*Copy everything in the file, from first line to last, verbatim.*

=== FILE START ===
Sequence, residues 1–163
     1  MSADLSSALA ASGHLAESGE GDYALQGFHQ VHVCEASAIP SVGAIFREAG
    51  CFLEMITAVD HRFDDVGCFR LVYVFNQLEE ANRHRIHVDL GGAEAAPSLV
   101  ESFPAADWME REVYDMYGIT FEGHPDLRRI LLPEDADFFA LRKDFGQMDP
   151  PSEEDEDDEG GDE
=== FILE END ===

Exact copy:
Sequence, residues 1–163
     1  MSADLSSALA ASGHLAESGE GDYALQGFHQ VHVCEASAIP SVGAIFREAG
    51  CFLEMITAVD HRFDDVGCFR LVYVFNQLEE ANRHRIHVDL GGAEAAPSLV
   101  ESFPAADWME REVYDMYGIT FEGHPDLRRI LLPEDADFFA LRKDFGQMDP
   151  PSEEDEDDEG GDE